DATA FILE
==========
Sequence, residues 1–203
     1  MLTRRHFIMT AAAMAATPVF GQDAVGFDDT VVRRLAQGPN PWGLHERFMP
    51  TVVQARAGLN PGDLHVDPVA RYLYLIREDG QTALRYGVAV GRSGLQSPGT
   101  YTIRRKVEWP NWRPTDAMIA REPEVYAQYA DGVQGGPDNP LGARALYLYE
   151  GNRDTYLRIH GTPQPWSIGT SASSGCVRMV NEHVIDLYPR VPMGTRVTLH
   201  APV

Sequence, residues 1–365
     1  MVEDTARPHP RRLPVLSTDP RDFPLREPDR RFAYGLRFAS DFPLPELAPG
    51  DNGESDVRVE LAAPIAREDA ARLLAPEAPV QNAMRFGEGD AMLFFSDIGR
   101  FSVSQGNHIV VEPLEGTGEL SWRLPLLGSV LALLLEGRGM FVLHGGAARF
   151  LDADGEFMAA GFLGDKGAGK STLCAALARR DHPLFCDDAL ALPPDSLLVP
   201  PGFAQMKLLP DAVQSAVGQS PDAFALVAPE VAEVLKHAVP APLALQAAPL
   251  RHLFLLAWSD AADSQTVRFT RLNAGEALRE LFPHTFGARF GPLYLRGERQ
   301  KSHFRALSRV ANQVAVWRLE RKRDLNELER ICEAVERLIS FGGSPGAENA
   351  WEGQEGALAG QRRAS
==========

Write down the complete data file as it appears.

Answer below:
Sequence, residues 1–203
     1  MLTRRHFIMT AAAMAATPVF GQDAVGFDDT VVRRLAQGPN PWGLHERFMP
    51  TVVQARAGLN PGDLHVDPVA RYLYLIREDG QTALRYGVAV GRSGLQSPGT
   101  YTIRRKVEWP NWRPTDAMIA REPEVYAQYA DGVQGGPDNP LGARALYLYE
   151  GNRDTYLRIH GTPQPWSIGT SASSGCVRMV NEHVIDLYPR VPMGTRVTLH
   201  APV

Sequence, residues 1–365
     1  MVEDTARPHP RRLPVLSTDP RDFPLREPDR RFAYGLRFAS DFPLPELAPG
    51  DNGESDVRVE LAAPIAREDA ARLLAPEAPV QNAMRFGEGD AMLFFSDIGR
   101  FSVSQGNHIV VEPLEGTGEL SWRLPLLGSV LALLLEGRGM FVLHGGAARF
   151  LDADGEFMAA GFLGDKGAGK STLCAALARR DHPLFCDDAL ALPPDSLLVP
   201  PGFAQMKLLP DAVQSAVGQS PDAFALVAPE VAEVLKHAVP APLALQAAPL
   251  RHLFLLAWSD AADSQTVRFT RLNAGEALRE LFPHTFGARF GPLYLRGERQ
   301  KSHFRALSRV ANQVAVWRLE RKRDLNELER ICEAVERLIS FGGSPGAENA
   351  WEGQEGALAG QRRAS